Despite Hutchinson reflecting on the severity of the coronavirus, which has killed over 5,500 Arkansans and infected over 328,000 state residents, according to the latest data compiled by Johns Hopkins University, he said that he planned to lift the mask mandate at the end of March.

“We’re a year into this and we know so much more today than we did a year ago,” he said. “We had to educate people to understand the importance of the mask, and I expect even though we take the mask mandate away that people will continue to use the mask when you cannot socially distance. Common sense is going to replace mandates and I think that’s where we are right now.”

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Arkansas GOP governor said the near-total ban on abortion he signed is designed to land before the Supreme Court to overturn Roe v. Wade

Asa Hutchinson
Arkansas Gov. Asa Hutchinson speaks at a news conference at the Arkansas state Capitol in Little Rock, August 4, 2015.

  • Arkansas Gov. Hutchinson said his anti-abortion law is designed to be argued before the Supreme Court.
  • The law is a near-total ban on abortion, with no exceptions in cases of rape or incest.
  • “I signed it because it is a direct challenge to Roe v. Wade,” he told CNN.
  • See more stories on Insider’s business page.

Arkansas Gov. Asa Hutchinson, a Republican, on Sunday said the near-total ban on abortion he signed into law earlier in March was designed to land before the Supreme Court.

Hutchinson made the comments Sunday during an interview with CNN’s “State of the Union”

“It is not constitutional under Supreme Court cases right now,” he told CNN’s Dana Bash. “And I did prefer a rape and incest exception. I didn’t get a vote on that. And so I signed it because it is a direct challenge to Roe vs. Wade. That was the intent of it.”

He said “the whole design” of the law was to get the Supreme Court to reconsider its ruling in Roe v. Wade.

Hutchinson signed the bill into law on March 9, as The Associated Press reported, even though he at the time had expressed concerns over its lack of exceptions for rape or incest. Under the law, abortion is only permissible in cases where a mother’s life is in danger.

The bill is just one example of Republican-backed challenges to abortion that have appeared in state legislatures across the US this year.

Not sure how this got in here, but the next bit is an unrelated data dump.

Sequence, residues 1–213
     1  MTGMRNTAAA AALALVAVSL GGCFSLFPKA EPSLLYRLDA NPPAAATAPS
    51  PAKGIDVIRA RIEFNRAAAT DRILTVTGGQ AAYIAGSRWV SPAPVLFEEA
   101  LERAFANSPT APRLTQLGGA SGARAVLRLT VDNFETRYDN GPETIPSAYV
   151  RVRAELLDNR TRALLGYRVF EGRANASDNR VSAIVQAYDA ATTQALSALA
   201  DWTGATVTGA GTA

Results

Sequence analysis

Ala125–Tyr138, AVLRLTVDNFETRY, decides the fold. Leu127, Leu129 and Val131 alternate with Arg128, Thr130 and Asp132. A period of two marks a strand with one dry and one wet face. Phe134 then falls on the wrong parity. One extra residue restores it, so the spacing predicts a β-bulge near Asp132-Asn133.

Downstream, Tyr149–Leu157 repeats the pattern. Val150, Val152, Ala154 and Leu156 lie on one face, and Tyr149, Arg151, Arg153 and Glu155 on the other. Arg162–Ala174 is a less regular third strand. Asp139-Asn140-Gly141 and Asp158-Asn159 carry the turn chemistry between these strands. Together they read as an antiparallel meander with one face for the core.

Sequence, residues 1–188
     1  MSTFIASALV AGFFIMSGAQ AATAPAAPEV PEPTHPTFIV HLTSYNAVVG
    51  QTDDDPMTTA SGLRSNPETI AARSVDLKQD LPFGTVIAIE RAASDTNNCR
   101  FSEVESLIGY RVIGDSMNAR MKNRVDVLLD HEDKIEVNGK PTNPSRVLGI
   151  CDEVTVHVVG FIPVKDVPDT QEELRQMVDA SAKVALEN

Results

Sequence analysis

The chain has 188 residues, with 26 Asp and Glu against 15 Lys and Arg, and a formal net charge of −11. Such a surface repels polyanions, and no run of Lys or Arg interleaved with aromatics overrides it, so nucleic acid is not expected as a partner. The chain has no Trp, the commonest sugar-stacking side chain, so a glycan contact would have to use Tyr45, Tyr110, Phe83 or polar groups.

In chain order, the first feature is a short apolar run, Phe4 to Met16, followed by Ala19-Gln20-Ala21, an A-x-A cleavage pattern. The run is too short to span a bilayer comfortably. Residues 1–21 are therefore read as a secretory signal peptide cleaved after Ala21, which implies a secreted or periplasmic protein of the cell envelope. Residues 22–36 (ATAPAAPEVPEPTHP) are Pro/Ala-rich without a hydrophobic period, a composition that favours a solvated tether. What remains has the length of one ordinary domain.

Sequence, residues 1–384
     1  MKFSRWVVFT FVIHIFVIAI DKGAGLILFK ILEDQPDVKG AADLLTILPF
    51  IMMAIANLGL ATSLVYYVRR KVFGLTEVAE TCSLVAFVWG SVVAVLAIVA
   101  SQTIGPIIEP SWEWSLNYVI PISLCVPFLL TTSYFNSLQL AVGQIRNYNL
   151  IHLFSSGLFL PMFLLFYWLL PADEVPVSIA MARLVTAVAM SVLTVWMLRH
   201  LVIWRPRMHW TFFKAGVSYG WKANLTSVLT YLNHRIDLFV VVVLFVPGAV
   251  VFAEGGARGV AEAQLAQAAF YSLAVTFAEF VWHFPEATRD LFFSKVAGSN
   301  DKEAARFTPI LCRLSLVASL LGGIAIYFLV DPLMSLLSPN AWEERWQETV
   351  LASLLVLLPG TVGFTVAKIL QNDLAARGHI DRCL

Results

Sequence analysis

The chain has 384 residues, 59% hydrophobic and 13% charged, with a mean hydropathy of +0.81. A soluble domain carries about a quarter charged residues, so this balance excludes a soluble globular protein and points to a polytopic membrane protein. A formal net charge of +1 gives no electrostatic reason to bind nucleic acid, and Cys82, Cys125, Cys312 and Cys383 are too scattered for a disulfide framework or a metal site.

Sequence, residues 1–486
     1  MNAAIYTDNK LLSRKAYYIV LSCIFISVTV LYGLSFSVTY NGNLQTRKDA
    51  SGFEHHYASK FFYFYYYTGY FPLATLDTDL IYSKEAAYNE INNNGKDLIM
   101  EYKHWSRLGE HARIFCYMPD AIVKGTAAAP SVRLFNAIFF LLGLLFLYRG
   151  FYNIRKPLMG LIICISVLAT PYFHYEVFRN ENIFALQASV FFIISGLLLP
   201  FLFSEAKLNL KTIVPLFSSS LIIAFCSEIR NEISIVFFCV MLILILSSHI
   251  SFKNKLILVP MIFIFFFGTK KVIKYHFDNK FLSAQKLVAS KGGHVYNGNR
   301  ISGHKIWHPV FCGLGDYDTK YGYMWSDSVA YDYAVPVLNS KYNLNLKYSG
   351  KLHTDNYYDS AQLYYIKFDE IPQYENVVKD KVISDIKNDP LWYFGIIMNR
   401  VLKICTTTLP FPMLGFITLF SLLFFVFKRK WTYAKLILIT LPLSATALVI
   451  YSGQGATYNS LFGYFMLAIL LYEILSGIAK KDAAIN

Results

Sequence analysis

“I think there’s a very narrow chance that the Supreme Court will accept that case, but we will see,” Hutchinson said Sunday. “And, again, I would prefer – it’s been my historic position that the three exceptions would be rape, incest, and the life of the mother.

“But this is a direct challenge to Roe v. Wade,” he continued. “And that’s the intent of the legislation.”

As the Associated Press noted when the bill was signed earlier this month, it won’t go into effect until 90 after the date it was signed into law, meaning it can’t be enforced until this summer at the earliest. Groups centered on protecting access to abortion have said they planned to issue legal challenges to the legislation, according to the report.

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An Arkansas lawmaker who is ditching the GOP said Trump’s attempt to ‘overturn the results of a fair and free election’ was the ‘final straw’

Jim Hendren
FILE: Sen. Jim Hendren speaks during a meeting of the Senate Education Committee at the Arkansas state Capitol in Little Rock in 2015.

  • An Arkansas state senator this week announced he was leaving the GOP.
  • State Sen. Jim Hendren said he left the party after Trump incited the riot at the US Capitol.
  • Hendren accused GOP of a failure of leadership and said party leaders took a “backseat” approach.
  • Visit the Business section of Insider for more stories.

A longtime Arkansas state lawmaker, with deep familial connections to the GOP, announced this week that he was leaving the Republican Party, citing the growing partisan divide and the Republican Party’s refusal to rein in former President Donald Trump. 

State Sen. Jim Hendren announced he was leaving the Republican Party and switching his affiliation to Independent in a nine-minute YouTube video posted Thursday. In the video, Hendren said political parties had enabled and even rewarded the growing partisan divide and said he’d grown “deeply concerned” over the state of US politics.

“There’s a real danger that the Republican Party is going to be one that you can’t win a primary without being a Trump supporter, and you can’t win a general by being a Trump supporter,” Hendren told CNN in an interview Friday. “What would have happened, then, is we’ve taken a party that was about principle and about conservative government to one that is about one man and a personality. And that is a race that doesn’t end well for the GOP.”